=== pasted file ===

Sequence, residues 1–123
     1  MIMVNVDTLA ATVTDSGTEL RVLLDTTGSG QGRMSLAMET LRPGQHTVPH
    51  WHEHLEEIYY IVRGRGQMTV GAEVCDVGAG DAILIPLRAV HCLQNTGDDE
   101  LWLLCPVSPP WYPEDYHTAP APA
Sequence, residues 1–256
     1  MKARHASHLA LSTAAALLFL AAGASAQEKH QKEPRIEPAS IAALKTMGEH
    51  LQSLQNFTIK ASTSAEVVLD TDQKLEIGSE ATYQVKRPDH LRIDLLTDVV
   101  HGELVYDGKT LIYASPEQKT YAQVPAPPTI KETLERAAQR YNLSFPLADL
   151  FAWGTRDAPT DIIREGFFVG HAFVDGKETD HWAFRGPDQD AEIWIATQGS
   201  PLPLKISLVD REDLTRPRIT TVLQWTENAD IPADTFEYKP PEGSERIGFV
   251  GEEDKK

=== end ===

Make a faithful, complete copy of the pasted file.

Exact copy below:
Sequence, residues 1–123
     1  MIMVNVDTLA ATVTDSGTEL RVLLDTTGSG QGRMSLAMET LRPGQHTVPH
    51  WHEHLEEIYY IVRGRGQMTV GAEVCDVGAG DAILIPLRAV HCLQNTGDDE
   101  LWLLCPVSPP WYPEDYHTAP APA
Sequence, residues 1–256
     1  MKARHASHLA LSTAAALLFL AAGASAQEKH QKEPRIEPAS IAALKTMGEH
    51  LQSLQNFTIK ASTSAEVVLD TDQKLEIGSE ATYQVKRPDH LRIDLLTDVV
   101  HGELVYDGKT LIYASPEQKT YAQVPAPPTI KETLERAAQR YNLSFPLADL
   151  FAWGTRDAPT DIIREGFFVG HAFVDGKETD HWAFRGPDQD AEIWIATQGS
   201  PLPLKISLVD REDLTRPRIT TVLQWTENAD IPADTFEYKP PEGSERIGFV
   251  GEEDKK